Dave’s Top Ten Games of this Generation

Much like Mark’s list last week, what follows is in no particular order. But first I must say honourable mentions go to some great games that fell just outside my final list:

Mario Kart 8


Everybody’s Gone to the Rapture


Super Smash Bros for Wii U

Axiom Verge

Anyway, on to my top ten:



This game. This goddamn game. If 2016 ends and Doom is not on the shortlist for Game of the Year, we are in for a hell of a last few months in gaming. I have always held the Doom name in the highest regard- the original may well have been the first game I ever played, and it is still one of my favourites. After Doom 3, there was a feeling that we’d all been burned by expecting that game to replicate the feeling of its predecessors. I would even go so far as to say that when the multiplayer beta for 2016’s Doom came out, we were all greatly concerned this game would flop. By the time I and many others got our hands on Doom’s campaign, our fears were washed away in a sea of blood and heavy metal.

Id Software have succeeded totally in recapturing the fast and frantic feeling of the original games and bringing them into a visually stunning modern game with heart-pounding action, a head-banging soundtrack, and even the gruesome violence you would expect from the series. Perhaps most vital of all to the success of this game is that it never takes itself too seriously and allows first person shooting to be fun again.

Sunset Overdrive


Take one part Tony Hawk’s Pro Skater, one part Jet Set Radio, pour over a hyperactive child’s fever dream, and serve. That is the recipe for Sunset Overdrive- a game so entertaining and so bizarre it finally made me cave in and purchase an Xbox One. Insomniac developed an open world that wasn’t afraid to be as colourful and weird as possible, which has helped fill a Saints Row- sized hole in my life this generation. In addition to the colour, Insomniac made a point to build a combat system that heavily pushes you to never stop moving, using your environment to jump, grind and build your combo meter up to stay out of enemy fire and allow you to inflict maximum damage when you attack. This emphasis on quick and varied movement gives the combat a fast-paced and frantic feeling and adds an additional layer of challenge to the tradition of ‘hide behind a chest high wall’ that a lot of third person games fall back on.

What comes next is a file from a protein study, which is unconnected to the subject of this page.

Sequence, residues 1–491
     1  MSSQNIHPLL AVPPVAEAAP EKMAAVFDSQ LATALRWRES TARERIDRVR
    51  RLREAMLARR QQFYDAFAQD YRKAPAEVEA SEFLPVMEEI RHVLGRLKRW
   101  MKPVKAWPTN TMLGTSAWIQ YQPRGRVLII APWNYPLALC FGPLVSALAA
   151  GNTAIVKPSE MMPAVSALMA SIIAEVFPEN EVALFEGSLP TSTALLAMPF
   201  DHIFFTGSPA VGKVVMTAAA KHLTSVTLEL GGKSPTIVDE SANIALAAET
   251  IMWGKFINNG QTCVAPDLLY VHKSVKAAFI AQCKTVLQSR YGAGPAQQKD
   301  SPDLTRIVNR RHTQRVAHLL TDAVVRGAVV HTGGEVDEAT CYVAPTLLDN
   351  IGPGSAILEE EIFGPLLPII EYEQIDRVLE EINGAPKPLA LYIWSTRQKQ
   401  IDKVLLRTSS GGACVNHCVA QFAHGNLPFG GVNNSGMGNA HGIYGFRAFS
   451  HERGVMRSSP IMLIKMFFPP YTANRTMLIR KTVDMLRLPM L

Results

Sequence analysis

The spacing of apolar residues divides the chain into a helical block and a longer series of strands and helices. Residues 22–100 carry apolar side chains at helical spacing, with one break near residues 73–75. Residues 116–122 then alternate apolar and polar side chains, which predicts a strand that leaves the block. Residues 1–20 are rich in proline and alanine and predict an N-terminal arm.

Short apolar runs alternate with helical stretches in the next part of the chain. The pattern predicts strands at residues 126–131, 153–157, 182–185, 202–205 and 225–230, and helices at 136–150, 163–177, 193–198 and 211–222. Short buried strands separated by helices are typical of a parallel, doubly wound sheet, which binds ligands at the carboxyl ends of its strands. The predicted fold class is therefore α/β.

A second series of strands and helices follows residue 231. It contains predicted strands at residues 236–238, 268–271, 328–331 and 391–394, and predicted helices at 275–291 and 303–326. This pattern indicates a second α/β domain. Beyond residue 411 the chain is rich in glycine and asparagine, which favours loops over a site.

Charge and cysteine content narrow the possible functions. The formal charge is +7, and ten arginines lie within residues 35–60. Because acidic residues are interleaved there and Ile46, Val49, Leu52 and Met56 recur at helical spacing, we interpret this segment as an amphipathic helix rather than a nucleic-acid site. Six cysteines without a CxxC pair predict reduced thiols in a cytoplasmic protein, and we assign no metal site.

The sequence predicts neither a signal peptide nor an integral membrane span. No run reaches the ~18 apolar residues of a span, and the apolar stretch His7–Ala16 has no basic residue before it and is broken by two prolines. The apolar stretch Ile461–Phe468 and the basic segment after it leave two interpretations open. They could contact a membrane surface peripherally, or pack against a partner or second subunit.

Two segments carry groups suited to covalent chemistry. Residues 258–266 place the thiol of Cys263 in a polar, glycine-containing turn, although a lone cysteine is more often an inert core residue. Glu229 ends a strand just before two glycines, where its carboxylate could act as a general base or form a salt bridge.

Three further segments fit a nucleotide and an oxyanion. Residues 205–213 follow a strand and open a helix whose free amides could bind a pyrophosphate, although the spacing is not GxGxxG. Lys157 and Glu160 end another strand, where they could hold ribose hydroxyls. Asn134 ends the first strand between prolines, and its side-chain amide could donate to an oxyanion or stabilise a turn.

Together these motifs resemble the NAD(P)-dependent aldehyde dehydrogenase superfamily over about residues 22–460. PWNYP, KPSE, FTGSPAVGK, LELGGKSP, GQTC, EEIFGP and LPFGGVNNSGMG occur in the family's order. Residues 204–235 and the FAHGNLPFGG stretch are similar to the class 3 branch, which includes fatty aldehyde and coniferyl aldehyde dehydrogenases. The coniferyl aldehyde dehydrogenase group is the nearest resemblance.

Metal Gear Solid V: The Phantom Pain


I will stay brief to avoid myself lapsing into a FUCK KONAMI diatribe, but the fact that MGSV is as good as it is for how much shit Kojima and the game were getting from Konami before and after its release is nothing short of astonishing. MGSV closes out the story of Big Boss in a game that features all the hallmarks of what you would expect from a Metal Gear Solid Game, but throwing them into a massive open world with an entirely more intuitive control scheme. It is the most ambitious game in the series, and yet one that is probably the most accessible to those not already hooked on the franchise, which is in some ways what makes it so bittersweet that it was the final Hideo Kojima MGS game. Sadly, some thoughts still linger over the legacy of this game that are tinted by the extent of Konami’s involvement: the feeling that there feels like there was supposed to be a third act or additional post-script mission that explained that ending more, or the constant source of hindrance and money-grabbing that came from the FOB side quests.



P.T. is the ultimate ‘what might have been’ of this generation. Allowing Kojima and Guillermo Del Toro loose on the Silent Hill IP after several tepid instalments was a tantalising prospect in itself, but when P.T. dropped it was another matter indeed. This short slice, which may not have even remotely reflected the final game for all we know, was an absolute revelation in horror games. Not in many years has a game in the genre felt as gripping, as terrifying, or indeed as real as P.T. did, and most crucially it fully captured that atmosphere of dread and hopelessness that once put the Silent Hill franchise in a class of its own.